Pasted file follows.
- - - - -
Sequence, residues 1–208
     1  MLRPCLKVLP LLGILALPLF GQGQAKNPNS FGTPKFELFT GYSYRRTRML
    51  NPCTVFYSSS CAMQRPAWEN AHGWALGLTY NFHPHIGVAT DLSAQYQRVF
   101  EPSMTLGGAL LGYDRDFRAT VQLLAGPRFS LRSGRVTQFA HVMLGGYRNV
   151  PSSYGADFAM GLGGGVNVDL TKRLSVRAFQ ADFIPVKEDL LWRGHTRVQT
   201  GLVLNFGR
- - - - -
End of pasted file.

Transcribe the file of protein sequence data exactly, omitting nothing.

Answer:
Sequence, residues 1–208
     1  MLRPCLKVLP LLGILALPLF GQGQAKNPNS FGTPKFELFT GYSYRRTRML
    51  NPCTVFYSSS CAMQRPAWEN AHGWALGLTY NFHPHIGVAT DLSAQYQRVF
   101  EPSMTLGGAL LGYDRDFRAT VQLLAGPRFS LRSGRVTQFA HVMLGGYRNV
   151  PSSYGADFAM GLGGGVNVDL TKRLSVRAFQ ADFIPVKEDL LWRGHTRVQT
   201  GLVLNFGR